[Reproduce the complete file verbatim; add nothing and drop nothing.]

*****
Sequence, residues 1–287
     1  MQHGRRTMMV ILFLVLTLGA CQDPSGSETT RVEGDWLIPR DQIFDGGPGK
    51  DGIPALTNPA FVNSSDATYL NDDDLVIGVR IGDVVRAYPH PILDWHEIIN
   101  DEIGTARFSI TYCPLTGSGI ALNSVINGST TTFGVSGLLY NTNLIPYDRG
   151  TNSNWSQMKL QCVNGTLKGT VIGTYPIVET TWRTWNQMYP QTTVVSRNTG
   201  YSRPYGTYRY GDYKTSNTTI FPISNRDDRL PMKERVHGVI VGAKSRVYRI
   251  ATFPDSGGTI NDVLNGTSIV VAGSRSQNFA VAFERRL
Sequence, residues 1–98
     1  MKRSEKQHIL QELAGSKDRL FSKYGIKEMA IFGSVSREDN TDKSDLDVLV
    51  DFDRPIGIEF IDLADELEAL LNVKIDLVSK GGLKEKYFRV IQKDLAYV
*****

Sequence, residues 1–287
     1  MQHGRRTMMV ILFLVLTLGA CQDPSGSETT RVEGDWLIPR DQIFDGGPGK
    51  DGIPALTNPA FVNSSDATYL NDDDLVIGVR IGDVVRAYPH PILDWHEIIN
   101  DEIGTARFSI TYCPLTGSGI ALNSVINGST TTFGVSGLLY NTNLIPYDRG
   151  TNSNWSQMKL QCVNGTLKGT VIGTYPIVET TWRTWNQMYP QTTVVSRNTG
   201  YSRPYGTYRY GDYKTSNTTI FPISNRDDRL PMKERVHGVI VGAKSRVYRI
   251  ATFPDSGGTI NDVLNGTSIV VAGSRSQNFA VAFERRL
Sequence, residues 1–98
     1  MKRSEKQHIL QELAGSKDRL FSKYGIKEMA IFGSVSREDN TDKSDLDVLV
    51  DFDRPIGIEF IDLADELEAL LNVKIDLVSK GGLKEKYFRV IQKDLAYV